Archive for June, 2014

A FRIEND IN A HIGH PLACE

Today is June 13th, the Feast Day of St. Anthony of Padua, a saint who seems to have God’s ear, so to speak.  Born in Portugal, his mission was mostly in Padua, Italy, and Italians have adopted him as one of their own. A mesmerizing preacher who turned throngs of listeners from sin, he’s familiarly known for finding lost objects.

As I’ve said, I believe he helped my husband and me find each other. Not that we were completely lost yet — but we were in our mid-thirties.  My mother-in-law told me  she’d been  beseeching the saint to find a good wife for her bachelor son. At the same time, I was making frequent novenas and visits to the St. Anthony Chapel in New York City’s St. Francis Church to remind him I wanted to marry and have children.

It’s practically impossible for me to lose anything permanently.  And this phenomenon goes back to 1960 when I began work in the New York office of Dr. Thomas Anthony Dooley’s MEDICO, his medical mission to Laos, as secretary to his brother Malcolm, then in charge of fundraising.  Dr. Tom, a former Navy doctor, was a well-known, charismatic promoter of this humanitarian project,  but a year later, at 33 years of age, was afflicted with a fatal form of melanoma and a patient in Memorial Sloan-Kettering Hospital.

A volunteer had brought a St. Anthony relic  to MEDICO’s office, and Malcolm asked me to lock it in my desk that night until he could bring it to Tom.  Before I did, I held the glass case in both hands and prayed about a troubling  problem of my own.  My prayer was answered soon.  But Dr. Tom, weak and heavily sedated, and still trying  to guide MEDICO with phone calls from his bed, died the next day.  There’s a lot more to tell about this extraordinary man and all that happened then, but that’s for another time.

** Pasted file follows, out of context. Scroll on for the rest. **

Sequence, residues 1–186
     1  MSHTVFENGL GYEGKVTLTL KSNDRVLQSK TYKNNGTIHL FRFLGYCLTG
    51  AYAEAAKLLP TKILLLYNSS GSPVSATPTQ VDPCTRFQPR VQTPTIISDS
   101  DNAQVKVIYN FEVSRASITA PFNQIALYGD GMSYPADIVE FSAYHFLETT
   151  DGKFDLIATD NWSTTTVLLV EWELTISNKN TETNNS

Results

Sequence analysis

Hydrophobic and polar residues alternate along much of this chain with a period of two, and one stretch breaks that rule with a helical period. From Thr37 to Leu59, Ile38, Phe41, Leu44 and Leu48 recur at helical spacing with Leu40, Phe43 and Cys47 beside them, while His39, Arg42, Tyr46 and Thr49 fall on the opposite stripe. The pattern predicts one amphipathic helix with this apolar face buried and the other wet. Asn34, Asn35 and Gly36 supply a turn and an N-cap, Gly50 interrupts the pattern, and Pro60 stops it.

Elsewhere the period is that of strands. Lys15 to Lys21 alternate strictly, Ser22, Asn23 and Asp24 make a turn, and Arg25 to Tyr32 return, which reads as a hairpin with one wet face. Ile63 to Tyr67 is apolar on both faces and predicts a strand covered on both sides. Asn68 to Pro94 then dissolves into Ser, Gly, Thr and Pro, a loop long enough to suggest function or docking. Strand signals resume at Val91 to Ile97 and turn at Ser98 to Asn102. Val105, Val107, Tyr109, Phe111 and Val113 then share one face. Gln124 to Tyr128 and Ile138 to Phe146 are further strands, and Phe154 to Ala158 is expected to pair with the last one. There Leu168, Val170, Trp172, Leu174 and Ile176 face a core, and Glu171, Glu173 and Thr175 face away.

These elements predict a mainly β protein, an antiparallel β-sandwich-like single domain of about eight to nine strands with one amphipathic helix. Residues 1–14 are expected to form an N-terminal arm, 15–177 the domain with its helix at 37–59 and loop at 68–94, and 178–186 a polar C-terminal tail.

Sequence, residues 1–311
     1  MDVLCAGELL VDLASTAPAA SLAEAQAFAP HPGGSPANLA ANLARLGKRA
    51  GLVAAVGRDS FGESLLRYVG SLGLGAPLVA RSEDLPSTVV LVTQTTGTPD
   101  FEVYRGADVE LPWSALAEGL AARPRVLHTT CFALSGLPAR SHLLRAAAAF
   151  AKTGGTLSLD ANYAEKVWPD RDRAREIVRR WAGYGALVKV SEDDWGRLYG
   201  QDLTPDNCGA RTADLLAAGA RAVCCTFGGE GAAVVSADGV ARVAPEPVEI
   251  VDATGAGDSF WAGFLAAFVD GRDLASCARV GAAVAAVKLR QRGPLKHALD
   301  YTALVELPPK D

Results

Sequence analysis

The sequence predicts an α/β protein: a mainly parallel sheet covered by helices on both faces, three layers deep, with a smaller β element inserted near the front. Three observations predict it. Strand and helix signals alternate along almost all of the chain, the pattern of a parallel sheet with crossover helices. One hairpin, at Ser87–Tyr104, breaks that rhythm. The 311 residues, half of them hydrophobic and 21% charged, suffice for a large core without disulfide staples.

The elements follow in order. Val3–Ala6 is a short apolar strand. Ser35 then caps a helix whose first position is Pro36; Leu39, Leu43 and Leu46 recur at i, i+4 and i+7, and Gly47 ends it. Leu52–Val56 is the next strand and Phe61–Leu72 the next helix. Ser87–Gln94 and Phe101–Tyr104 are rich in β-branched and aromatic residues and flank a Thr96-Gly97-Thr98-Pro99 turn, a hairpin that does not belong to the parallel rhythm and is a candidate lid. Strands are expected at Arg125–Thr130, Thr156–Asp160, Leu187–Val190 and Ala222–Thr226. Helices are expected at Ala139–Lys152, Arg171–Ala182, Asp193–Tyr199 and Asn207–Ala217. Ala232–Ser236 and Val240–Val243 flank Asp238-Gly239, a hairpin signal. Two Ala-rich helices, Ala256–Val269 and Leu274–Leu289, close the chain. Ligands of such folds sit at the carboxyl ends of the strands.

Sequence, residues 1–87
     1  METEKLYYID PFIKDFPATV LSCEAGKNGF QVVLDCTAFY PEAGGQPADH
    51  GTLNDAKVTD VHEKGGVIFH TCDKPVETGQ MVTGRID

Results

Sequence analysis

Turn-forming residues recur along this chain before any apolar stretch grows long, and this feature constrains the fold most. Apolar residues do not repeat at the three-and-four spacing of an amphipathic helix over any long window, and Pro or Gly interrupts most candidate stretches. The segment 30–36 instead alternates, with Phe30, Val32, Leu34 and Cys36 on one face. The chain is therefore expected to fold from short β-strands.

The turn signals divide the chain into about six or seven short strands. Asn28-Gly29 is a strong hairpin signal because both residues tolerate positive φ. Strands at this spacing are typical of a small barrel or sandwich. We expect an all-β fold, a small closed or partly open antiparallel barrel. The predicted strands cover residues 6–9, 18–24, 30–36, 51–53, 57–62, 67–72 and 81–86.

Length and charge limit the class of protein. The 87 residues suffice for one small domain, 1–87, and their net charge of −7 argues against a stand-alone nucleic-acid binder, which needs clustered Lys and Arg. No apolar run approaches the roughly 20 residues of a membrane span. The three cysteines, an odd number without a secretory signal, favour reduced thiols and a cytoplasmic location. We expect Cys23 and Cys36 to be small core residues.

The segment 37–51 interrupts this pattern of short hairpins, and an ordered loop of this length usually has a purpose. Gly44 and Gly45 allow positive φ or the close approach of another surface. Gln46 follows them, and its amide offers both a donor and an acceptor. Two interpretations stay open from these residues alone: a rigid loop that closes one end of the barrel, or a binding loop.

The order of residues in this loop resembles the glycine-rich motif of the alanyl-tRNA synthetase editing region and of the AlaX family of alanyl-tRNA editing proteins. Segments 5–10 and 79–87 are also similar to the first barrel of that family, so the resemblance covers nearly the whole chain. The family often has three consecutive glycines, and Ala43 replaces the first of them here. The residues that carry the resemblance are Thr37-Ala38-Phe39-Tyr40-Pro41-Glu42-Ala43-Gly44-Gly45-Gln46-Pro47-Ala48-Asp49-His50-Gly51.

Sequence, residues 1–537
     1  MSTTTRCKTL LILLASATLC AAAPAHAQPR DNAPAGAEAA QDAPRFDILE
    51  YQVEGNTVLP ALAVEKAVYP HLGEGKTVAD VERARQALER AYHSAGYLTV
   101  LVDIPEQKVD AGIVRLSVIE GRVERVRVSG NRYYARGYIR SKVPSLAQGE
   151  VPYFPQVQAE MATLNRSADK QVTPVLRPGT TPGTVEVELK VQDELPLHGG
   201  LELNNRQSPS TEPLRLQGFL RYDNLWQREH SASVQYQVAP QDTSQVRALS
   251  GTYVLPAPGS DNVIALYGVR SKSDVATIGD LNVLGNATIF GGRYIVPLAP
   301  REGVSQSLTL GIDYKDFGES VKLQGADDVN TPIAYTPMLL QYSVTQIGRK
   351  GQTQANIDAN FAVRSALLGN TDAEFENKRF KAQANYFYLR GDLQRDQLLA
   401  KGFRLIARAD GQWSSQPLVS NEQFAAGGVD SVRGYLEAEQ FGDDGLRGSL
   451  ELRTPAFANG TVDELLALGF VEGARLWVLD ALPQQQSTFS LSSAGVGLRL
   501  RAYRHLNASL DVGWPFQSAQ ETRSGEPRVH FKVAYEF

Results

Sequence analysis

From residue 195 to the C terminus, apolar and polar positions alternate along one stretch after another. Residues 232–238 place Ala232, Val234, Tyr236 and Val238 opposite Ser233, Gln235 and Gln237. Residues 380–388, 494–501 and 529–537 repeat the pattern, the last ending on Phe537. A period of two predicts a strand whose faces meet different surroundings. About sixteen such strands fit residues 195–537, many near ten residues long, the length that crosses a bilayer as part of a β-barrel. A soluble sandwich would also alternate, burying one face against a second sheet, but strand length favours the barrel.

Some of my lost and found experiences: My mother had given me a silver St. Anthony medal, blessed by Pope John XXIII, which I sadly lost.  Two years later, my two-year-old son (middle name Anthony) found it in our backyard. I lost it several years ago at an inn where Honey and I stayed in Pittsburgh — found in my room and returned.  Lost it again the next year, and hope someone found it who needs it more than I do now. I know it wasn’t the medal that protected me.

On the night before a cousins’ reunion at my Oceanside co-op, my daughter-in-law noticed the diamond was missing from my engagement ring. I was upset, but not as much as I thought I’d be.   My generous husband had spent his savings on the ring and our Ireland honeymoon, and I’d enjoyed wearing it for a long time.  Never had it insured!

I wouldn’t know where to begin to look — had been everywhere that week, shopping and getting ready for the party.  But my son insisted on searching the community room and my apartment, shining a  flashlight in every likely and unlikely place. I told him to give up — we were tired and wanted to go to bed. But he shined a beam through the narrow opening between my sofa bed back and mattress — ready for him and his wife —  and there was the diamond on the floor.

I had it reset  and  insured. And the diamond fell out again several weeks later.  The insurance company would never believe me, I thought.  So I didn’t file a claim right away. The ring meant more to me as a sign of love and commitment — though the diamond had  incredibly increased nine times in value since 1970 — and I’d definitely appreciate the money.  About a month after that, coming home after a heavy rain, I happened to glance down and saw the diamond on the wet sidewalk —  in  front  of  my welcome mat. It could have washed down to the drain at the curb.

A few days ago, after buying impatiens and potting soil at Home Depot, packing them and Angel into the car, I stopped for some  yogurt.  No money — I’d left my wallet in the shopping basket.  Sending up a quick prayer, I returned — and a wonderful person had turned it in with nothing missing.  Thank you, whoever you are.  I wish I could have rewarded you.  But in thanksgiving for things found, I always give a donation to the poor, a special concern of St. Anthony’s in his lifetime. And I believe there’s more here than can be attributed to coincidence or serendipity.    .

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